Kate Brown lives in Washington, D.C. and is Professor of History at the University of Maryland, Baltimore County. Brown is a 2009 Guggenheim Fellow and author of Plutopia: Nuclear Families in Atomic Cities and the Great Soviet and American Plutonium Disasters (Oxford 2013), which won six prizes including the American Historical Association’s Albert J. Beveridge Prize for best book on the Americas. Her first book, A Biography of No Place: From Ethnic Borderland to Soviet Heartland (Harvard 2004), won the AHA’s George Louis Beer Prize for the best book in international history. Brown’s most recent book Dispatches from Dystopia: History of Places Not Yet Forgotten was published in 2015 with the University of Chicago Press. She is currently writing a history of human survival and endurance among the communities circling the Pripiat Marshes.
Could you briefly describe your book?”
Plutopia is about the first two cities in the world to produce plutonium, one in eastern Washington State (Hanford), the other in the Russian Urals (Mayak). Each plutonium factory spawned exclusive, prosperous, child-centered cities for working-class plant operators who lived and were paid like their professional class managers. I argue that these ‘plutopias’ were the key to figuring out why tens of thousands of people witnessed, but said nothing, about the daily, intentional releases of hundreds of millions of curies of radiation into their surrounding landscapes. Plutopia, in short, purchased compliant and silent workers, people who willingly traded in their political and biological rights for consumer rights and financial security.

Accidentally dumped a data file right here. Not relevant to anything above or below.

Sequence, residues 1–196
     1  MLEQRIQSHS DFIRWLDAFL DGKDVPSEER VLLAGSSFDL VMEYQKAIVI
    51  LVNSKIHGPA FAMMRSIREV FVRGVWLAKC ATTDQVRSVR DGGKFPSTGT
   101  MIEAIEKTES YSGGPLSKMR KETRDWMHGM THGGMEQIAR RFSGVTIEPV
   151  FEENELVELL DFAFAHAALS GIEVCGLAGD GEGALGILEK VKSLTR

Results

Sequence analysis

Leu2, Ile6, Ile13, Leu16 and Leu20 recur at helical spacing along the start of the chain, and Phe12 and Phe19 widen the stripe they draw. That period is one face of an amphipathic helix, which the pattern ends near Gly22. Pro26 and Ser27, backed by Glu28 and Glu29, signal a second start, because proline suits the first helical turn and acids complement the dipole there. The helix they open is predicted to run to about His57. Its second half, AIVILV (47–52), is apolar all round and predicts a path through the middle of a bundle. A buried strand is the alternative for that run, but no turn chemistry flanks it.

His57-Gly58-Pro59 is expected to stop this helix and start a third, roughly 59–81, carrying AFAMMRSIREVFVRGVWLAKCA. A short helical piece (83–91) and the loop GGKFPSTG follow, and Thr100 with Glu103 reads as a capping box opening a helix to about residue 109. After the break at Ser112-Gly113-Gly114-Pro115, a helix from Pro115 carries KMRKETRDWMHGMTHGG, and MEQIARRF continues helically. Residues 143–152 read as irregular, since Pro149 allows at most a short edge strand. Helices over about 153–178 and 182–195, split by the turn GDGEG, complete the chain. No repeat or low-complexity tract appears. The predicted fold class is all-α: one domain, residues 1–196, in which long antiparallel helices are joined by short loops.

What initially drew you to your topic?
Once the Chernobyl Zone opened to tourists in 2004, I went to take a look and wrote an article about it. An editor contacted me and asked me to write a book on Chernobyl, but looking into it, I realized that Chernobyl was not, as is commonly believed, the worst nuclear disaster in history. The world’s first two plutonium plants each issued at least twice as many radioactive isotopes into the surrounding environment as Chernobyl. I thought it was curious that these two plutonium disasters were so little known.